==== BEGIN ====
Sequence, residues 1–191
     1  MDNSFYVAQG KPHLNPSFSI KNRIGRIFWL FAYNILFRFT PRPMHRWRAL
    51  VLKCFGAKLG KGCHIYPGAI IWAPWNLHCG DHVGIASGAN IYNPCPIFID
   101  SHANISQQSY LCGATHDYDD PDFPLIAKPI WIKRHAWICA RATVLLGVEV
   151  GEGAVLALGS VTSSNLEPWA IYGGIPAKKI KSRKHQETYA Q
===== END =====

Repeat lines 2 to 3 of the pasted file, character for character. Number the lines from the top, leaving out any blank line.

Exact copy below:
     1  MDNSFYVAQG KPHLNPSFSI KNRIGRIFWL FAYNILFRFT PRPMHRWRAL
    51  VLKCFGAKLG KGCHIYPGAI IWAPWNLHCG DHVGIASGAN IYNPCPIFID